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First Her Face, Then Her Hair

. . . Alexis' hair was a mat of dark, dried blood with beads of glass slowly spilling from it when the nurses moved her. Little pieces of blonde hair stuck out of the mat, reminding us of what had been. In the hospital, there was a lot of talk about what to do with her hair. The nurses considered washing it or said maybe we would have to cut it off. They never got around to deciding, though. Alexis withdrew from this life and pretended she was in another. She spoke only to ask for her family and to go home. Alexis refused to open her eyes, to talk to anyone, to move, to urinate or to eat. Concerned that she was getting worse, not better, the hospital let her go with her hair a bloody mess. We gladly took her home, grateful to clean it up ourselves.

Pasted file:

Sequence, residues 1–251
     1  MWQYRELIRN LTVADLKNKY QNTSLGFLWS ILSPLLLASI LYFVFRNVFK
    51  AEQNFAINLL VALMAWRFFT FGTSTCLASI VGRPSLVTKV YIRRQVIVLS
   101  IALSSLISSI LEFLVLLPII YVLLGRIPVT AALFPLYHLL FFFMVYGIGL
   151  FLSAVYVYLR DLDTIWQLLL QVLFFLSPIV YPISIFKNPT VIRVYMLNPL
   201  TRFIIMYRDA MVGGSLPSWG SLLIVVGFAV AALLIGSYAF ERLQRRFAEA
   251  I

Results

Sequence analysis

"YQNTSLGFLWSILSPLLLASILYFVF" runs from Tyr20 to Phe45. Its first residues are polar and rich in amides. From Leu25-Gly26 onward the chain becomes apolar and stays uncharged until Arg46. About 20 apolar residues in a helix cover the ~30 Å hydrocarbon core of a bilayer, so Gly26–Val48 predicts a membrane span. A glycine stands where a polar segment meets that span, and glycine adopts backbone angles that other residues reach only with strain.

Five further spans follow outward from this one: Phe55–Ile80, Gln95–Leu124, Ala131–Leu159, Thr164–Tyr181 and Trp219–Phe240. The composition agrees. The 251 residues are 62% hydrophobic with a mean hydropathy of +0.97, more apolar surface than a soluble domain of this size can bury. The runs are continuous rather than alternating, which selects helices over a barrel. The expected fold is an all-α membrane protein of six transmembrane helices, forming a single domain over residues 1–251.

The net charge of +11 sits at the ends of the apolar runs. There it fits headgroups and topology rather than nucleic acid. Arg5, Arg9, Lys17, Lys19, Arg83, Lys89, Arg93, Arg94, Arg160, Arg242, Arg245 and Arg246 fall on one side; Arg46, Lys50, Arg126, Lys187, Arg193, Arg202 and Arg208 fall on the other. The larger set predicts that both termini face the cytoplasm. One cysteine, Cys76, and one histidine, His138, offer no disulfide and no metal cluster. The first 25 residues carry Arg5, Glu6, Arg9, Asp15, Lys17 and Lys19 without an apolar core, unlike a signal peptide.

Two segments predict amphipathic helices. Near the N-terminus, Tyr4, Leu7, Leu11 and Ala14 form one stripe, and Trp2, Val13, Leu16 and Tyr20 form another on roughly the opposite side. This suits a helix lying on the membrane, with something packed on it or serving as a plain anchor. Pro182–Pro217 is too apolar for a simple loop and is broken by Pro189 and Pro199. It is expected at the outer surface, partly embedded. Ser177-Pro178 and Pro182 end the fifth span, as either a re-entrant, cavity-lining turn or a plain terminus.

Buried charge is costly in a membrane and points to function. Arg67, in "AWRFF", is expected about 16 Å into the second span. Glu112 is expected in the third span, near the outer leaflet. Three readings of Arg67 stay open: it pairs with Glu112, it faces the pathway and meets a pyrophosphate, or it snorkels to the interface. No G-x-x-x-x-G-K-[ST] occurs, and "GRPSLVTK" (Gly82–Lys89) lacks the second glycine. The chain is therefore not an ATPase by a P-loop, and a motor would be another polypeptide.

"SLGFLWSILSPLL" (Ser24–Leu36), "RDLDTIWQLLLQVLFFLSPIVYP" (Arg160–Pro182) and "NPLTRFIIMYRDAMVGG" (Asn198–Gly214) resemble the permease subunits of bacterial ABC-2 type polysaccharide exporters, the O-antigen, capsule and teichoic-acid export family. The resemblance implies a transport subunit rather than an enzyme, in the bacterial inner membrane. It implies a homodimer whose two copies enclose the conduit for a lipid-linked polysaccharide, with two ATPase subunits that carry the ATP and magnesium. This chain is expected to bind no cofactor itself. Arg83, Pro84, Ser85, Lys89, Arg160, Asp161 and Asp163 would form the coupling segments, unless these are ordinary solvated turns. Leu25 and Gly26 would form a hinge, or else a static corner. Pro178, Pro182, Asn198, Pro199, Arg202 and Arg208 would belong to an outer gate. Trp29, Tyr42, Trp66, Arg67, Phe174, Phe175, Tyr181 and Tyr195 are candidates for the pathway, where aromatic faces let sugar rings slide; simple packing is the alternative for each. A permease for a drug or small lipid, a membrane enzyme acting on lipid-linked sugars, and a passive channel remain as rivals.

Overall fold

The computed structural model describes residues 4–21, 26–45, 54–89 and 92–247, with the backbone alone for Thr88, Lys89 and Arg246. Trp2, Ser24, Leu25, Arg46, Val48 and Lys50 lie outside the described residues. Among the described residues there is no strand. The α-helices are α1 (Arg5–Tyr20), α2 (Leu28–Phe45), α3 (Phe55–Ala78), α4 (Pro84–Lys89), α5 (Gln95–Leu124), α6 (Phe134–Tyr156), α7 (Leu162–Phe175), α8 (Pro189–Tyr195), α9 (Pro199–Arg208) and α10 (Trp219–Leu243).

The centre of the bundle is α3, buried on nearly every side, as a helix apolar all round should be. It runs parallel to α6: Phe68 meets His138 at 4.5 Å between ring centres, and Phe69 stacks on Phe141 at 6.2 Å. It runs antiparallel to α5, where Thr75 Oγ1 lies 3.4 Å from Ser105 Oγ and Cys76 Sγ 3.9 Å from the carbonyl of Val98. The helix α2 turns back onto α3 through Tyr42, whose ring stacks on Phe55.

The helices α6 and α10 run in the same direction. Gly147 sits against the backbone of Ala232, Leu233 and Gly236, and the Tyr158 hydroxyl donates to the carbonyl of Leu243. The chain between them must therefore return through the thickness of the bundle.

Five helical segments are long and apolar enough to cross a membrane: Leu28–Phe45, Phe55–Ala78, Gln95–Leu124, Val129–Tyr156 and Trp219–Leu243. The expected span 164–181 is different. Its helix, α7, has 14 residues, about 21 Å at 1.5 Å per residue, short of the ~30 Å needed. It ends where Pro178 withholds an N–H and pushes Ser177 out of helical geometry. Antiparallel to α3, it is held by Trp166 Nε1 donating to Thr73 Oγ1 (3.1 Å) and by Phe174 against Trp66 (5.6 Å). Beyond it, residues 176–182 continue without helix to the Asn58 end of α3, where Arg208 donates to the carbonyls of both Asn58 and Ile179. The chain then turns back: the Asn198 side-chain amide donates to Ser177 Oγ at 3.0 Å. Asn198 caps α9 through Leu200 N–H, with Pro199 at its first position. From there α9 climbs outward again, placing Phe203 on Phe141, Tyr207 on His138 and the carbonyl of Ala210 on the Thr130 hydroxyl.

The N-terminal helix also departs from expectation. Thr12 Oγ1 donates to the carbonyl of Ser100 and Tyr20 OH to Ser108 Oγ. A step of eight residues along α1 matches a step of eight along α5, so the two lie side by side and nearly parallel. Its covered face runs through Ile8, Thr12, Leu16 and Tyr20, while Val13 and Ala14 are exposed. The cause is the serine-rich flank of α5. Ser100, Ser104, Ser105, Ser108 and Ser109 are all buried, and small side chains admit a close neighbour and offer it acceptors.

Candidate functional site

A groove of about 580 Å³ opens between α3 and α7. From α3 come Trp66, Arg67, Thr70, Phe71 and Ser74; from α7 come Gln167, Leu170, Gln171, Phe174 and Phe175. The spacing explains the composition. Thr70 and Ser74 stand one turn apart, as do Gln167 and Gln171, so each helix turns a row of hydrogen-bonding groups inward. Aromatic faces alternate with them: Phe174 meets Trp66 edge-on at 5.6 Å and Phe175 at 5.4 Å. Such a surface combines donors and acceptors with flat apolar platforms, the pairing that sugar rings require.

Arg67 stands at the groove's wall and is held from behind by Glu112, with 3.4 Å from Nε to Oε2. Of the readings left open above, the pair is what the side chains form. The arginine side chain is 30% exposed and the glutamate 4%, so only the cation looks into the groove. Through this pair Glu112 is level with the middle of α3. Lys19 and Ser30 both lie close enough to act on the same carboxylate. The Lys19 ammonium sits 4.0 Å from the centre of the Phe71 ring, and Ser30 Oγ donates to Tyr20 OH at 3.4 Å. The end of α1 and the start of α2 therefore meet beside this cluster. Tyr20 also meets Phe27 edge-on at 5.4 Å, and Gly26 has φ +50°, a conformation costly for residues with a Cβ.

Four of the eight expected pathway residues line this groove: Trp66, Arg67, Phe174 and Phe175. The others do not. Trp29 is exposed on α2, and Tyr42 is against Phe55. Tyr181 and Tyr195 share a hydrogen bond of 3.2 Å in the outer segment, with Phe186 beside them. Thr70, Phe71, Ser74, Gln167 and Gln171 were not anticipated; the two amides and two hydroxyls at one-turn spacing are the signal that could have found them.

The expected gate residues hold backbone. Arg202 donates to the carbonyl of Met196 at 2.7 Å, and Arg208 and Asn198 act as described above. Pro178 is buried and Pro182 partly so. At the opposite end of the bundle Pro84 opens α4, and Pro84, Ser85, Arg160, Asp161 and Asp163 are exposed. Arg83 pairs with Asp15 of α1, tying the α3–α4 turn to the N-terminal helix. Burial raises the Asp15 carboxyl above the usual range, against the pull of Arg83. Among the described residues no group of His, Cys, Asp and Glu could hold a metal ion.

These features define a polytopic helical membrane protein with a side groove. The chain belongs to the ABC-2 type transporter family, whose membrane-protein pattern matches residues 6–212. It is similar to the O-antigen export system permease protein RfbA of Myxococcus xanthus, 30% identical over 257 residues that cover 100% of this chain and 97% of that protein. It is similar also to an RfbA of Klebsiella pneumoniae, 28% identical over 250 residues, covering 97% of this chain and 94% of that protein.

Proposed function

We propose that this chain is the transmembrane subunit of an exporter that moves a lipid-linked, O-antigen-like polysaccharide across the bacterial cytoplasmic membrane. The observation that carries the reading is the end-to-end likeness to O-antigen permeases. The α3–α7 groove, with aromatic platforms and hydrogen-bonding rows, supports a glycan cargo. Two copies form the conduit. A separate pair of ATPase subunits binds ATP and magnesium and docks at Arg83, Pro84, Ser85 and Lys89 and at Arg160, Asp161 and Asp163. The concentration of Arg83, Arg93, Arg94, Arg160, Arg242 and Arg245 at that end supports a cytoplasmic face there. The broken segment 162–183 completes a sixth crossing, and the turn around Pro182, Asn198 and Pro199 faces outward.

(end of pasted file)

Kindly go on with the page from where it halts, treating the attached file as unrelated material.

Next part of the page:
Alexis' first morning home her Dad and I tried to rescue her hair. She had already lost her face. We couldn't stand for her to lose any more. I sprayed a whole bottle of de-tangler on her hair and slowly worked out each knot. The bloody liquid fusion dripped on the floor and covered my hands. The process was painful, each stroke pulling on Alexis' wounds. Alexis was stoic. In the end, we cut out only one tiny knot.

Once the coagulated blood mat was gone we washed her hair. Her Dad ran the water bucket and I shampooed. At first the water flowed red, but slowly it lightened to pink and finally clear. We had saved her hair. Silently, I sighed with relief. The unspoken truth hanging around the adults was our belief that she needed the long hair to hide her scarred face.

. . . Alexis' face is healing slowly, always painfully. Glass still comes out of it and the severed facial nerve still burns. Nothing is the same but I was wrong about Alexis' hair. She doesn't need it to hide her face. Alexis is strong and beautiful.